Criticism is inevitably constricted by our multinational culture and by political correctness. As society grows more diverse, there are fewer and fewer universal points of reference between a critic and his or her readers. As for freedom of expression, Arthur Miller long ago complained about protests and pressures making the only safe subjects for a dramatist babies and the unemployed.

  My own experience is that over the years, print space for my reviews kept steadily shrinking, and the layouts themselves toadied to the whims of the graphic designer. In a jungle of oddball visuals, readers had difficulties finding my reviews. Simultaneously, our vocabulary went on a starvation diet. Where readers used to thank me for enlarging their vocabularies, more and more complaints were lodged about unwelcome trips to the dictionary, as if comparable to having to keep running to the toilet. Even my computer keeps questioning words 1 use, words that can be found in medium-size dictionaries. Can one give language lessons to a computer? What may be imperiled, more than criticism, is the word.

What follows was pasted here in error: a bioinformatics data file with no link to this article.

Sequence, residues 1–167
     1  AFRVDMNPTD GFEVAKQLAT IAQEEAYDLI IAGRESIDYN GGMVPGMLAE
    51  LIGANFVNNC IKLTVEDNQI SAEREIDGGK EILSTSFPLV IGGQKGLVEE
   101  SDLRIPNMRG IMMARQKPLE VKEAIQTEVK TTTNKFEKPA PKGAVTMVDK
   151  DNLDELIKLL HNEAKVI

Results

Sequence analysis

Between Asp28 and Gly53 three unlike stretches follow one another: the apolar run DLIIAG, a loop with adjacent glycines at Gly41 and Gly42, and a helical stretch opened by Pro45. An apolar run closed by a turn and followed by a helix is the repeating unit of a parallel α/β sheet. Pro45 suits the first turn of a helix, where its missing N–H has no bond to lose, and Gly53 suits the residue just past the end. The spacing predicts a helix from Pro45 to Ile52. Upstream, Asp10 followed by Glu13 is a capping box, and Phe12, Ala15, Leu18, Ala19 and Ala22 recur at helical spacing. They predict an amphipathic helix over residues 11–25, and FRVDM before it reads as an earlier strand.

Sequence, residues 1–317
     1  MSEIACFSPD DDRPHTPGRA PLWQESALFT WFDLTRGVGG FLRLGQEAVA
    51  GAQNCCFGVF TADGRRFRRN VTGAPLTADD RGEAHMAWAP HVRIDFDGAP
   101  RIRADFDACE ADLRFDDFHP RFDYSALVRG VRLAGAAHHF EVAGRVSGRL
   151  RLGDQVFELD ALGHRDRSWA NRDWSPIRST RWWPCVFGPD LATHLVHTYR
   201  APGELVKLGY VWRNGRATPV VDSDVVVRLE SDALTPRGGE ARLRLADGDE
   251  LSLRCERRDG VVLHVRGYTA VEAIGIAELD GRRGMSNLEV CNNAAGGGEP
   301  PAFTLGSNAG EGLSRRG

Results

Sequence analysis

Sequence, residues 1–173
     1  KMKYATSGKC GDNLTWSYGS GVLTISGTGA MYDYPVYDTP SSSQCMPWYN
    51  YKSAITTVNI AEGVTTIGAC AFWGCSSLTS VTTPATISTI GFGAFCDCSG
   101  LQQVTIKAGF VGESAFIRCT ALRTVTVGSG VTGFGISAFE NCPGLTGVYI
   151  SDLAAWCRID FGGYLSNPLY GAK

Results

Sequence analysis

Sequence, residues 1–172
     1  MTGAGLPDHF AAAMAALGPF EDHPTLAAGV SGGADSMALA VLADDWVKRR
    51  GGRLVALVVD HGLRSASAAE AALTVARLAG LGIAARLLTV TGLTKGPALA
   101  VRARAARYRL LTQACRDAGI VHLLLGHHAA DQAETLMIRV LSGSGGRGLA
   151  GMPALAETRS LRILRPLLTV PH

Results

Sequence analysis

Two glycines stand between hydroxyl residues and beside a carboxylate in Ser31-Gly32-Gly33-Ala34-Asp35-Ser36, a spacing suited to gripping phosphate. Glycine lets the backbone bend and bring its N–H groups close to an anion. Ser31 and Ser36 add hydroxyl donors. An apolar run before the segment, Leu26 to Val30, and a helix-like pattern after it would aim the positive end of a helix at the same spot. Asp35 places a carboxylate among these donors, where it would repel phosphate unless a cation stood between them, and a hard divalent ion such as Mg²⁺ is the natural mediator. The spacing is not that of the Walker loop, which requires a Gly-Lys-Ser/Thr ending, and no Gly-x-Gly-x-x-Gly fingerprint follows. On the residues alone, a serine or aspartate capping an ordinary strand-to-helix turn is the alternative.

I keep encountering people who think "critical" means carping or fault-finding, and nothing more. So it would seem that the critic's pen, once mightier than the sword, has been supplanted by the ax. Yet I have always maintained that the critic has three duties: to write as well as a novelist or playwright; to be a teacher, taking off from where the classroom, always prematurely, has stopped, and to be a thinker, looking beyond his specific subject at society, history, philosophy. Reduce him to a consumer guide, run his reviews on a Web site mixed in with the next-door neighbor's pontifications, and you condemn criticism to obsolescence. Still, one would like to think that the blog is not the enemy, and that readers seeking enlightenment could find it on the right blog——just as in the past one went looking through diverse publications for the congenial critic. But it remains up to the readers to learn how to discriminate.